We couldn't wait to see The Social Network this weekend and weren't disappointed! It got us thinking about the news circulating that Facebook will be going public—sooner than later—and what that means for the company and everyone involved.
Have you ever wondered about the structure of the company you work for? There are two types: public or private. In the past, you may have heard people talking about a company “going public” or “going private.” This structure has real bearing on how a company operates and what happens to its employees (that would be you).
Breaking It Down
Public companies are companies that any person can buy a share of on a public stock exchange. If you have the money, you can be a proud owner of a slice of this business. Private companies are ones that are invite-only for investors. Generally speaking, a company needs to have at least a few years of operating history before going public so that investors have a track record to assess, but there’s no hard and fast size that a company has to be to go public—nor is there a maximum size below which a company is no longer allowed to remain private.
Why Would a Company “Go Public”? (And, What Does That Mean?)
Many companies start off as private companies, which means that they get their initial investments from individuals and venture capital firms. Those early investors take a huge risk in hopes of getting big rewards at the end of the day. When a private company reaches a certain size and stage in its life, it may “go public” and open up its shares to the rest of the world. Going public gives the initial owners the chance for some serious payola for their hard work. Cash flows into the company through its “initial public offering” (or IPO) of shares when it goes public.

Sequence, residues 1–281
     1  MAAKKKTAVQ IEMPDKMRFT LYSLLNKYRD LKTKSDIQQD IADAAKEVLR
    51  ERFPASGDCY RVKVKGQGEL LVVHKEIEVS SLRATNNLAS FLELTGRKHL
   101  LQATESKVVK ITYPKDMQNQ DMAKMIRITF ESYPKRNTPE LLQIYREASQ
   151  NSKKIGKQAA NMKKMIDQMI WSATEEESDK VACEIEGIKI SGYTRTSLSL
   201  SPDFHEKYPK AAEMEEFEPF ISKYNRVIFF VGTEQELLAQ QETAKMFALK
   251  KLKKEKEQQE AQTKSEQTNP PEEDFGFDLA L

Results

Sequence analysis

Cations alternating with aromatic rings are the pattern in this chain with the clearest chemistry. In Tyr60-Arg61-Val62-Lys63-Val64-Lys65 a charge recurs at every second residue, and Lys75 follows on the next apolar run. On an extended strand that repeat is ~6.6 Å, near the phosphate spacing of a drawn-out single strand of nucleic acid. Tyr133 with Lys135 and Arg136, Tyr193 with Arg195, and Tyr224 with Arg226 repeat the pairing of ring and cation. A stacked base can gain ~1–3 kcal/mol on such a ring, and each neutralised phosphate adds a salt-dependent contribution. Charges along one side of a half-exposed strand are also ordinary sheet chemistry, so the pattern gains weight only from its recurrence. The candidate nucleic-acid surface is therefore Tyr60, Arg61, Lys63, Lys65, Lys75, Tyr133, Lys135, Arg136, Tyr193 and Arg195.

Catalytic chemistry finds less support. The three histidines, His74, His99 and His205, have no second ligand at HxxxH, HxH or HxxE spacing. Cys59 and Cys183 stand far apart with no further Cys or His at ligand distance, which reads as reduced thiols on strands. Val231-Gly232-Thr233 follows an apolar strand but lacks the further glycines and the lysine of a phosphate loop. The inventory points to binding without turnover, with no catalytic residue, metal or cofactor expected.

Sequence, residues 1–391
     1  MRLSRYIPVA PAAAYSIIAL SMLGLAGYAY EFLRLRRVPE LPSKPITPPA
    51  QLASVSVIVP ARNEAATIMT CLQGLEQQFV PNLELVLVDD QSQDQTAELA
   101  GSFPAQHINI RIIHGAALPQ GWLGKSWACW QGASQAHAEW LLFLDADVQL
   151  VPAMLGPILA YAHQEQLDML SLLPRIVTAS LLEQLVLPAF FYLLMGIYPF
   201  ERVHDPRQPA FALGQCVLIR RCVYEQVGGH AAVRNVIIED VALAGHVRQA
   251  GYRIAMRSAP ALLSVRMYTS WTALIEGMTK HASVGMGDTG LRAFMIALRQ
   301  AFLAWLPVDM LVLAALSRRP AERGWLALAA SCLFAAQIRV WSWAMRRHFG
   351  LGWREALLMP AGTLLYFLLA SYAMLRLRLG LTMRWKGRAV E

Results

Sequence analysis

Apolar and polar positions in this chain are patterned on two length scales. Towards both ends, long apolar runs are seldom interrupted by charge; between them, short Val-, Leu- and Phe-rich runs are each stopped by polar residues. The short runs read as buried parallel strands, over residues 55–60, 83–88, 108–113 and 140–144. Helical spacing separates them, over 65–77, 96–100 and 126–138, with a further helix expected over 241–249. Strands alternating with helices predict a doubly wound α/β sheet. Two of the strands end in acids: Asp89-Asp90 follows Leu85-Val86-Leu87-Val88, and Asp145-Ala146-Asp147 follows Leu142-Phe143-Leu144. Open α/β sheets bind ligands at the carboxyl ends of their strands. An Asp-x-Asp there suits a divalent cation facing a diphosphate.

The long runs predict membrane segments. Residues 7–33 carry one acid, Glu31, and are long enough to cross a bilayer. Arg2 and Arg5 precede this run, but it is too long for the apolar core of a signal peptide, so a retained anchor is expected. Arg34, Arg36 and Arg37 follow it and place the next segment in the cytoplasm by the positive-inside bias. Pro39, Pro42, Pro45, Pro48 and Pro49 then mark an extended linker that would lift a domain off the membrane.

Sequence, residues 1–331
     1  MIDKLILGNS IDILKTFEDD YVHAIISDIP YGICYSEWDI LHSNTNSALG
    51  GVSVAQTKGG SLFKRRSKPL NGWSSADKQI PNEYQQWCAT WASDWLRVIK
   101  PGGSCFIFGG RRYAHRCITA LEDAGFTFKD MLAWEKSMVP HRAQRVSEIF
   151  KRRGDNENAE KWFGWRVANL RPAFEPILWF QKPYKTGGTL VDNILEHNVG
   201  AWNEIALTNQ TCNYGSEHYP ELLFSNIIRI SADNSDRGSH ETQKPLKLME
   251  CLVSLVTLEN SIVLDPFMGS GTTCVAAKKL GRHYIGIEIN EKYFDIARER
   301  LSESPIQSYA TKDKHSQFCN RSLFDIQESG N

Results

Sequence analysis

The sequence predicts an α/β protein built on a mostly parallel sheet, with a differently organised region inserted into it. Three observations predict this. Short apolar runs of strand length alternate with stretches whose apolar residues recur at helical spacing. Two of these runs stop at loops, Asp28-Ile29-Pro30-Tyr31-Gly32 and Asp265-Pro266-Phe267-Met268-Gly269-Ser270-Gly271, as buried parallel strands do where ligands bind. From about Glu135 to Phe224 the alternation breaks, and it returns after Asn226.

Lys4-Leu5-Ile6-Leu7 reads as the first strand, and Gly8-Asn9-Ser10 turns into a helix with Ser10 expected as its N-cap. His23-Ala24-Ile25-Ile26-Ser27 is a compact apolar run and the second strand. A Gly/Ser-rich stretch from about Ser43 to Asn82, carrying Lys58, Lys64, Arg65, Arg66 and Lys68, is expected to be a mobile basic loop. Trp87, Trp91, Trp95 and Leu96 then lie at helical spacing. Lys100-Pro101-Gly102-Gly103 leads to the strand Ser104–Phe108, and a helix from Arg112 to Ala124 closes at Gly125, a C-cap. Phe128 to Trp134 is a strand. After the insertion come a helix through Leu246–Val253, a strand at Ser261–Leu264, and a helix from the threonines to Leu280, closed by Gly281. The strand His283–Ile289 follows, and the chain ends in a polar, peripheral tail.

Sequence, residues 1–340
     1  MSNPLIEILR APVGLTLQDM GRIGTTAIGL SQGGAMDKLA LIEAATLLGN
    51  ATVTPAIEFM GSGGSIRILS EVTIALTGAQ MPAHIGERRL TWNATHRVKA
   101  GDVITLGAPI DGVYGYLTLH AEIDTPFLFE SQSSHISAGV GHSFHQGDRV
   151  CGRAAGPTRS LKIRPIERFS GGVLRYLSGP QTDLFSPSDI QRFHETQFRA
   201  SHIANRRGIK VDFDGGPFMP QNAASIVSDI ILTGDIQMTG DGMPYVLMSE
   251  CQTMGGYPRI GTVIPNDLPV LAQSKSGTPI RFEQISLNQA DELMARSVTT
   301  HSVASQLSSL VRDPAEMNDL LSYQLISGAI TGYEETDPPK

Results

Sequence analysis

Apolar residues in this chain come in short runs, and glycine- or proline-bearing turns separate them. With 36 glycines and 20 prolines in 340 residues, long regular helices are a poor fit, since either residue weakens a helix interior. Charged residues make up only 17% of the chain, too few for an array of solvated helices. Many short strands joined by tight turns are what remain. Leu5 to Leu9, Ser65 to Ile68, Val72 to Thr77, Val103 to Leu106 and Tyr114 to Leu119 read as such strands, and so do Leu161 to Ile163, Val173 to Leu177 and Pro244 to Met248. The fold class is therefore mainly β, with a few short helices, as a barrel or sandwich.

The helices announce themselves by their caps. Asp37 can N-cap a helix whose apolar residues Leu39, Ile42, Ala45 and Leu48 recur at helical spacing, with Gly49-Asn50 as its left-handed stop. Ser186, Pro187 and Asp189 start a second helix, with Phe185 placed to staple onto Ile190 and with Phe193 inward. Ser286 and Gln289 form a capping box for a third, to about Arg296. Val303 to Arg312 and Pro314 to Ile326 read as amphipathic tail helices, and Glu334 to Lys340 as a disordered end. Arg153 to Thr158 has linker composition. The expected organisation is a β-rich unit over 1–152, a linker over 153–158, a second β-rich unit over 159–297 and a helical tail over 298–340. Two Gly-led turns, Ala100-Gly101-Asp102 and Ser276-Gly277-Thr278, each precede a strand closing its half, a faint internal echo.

How Does This Affect You—as an Employee and as a Potential Investor?
If your company is private, management will decide how much you are able to find out about your company’s financial situation. Private companies can keep this information... private. However, if you work for a public company, you can read all sorts of juicy (and not so juicy) details about your company in its public quarterly and yearly SEC filing. Public companies are required to pull back the velvet curtain and reveal all sorts of goodies like revenues, expenses, executive compensation policies, risks factors to their business models, etc.
The Bottom Line on Private vs. Public
At the end of the day, the most important thing as an employee is how strongly you believe in the management team and the product or service you're delivering. So, you may have more access to companywide data at a public firm, but often private firms are able to do a better job of nurturing and maintaining their unique corporate cultures.
As for how this relates to your personal investing: Just remember that we do not recommend you invest in a private company, or even that you buy individual stocks of public companies. In our opinion, the best bet for beginning (and even advanced!) investors is to stick with index funds or target-date funds.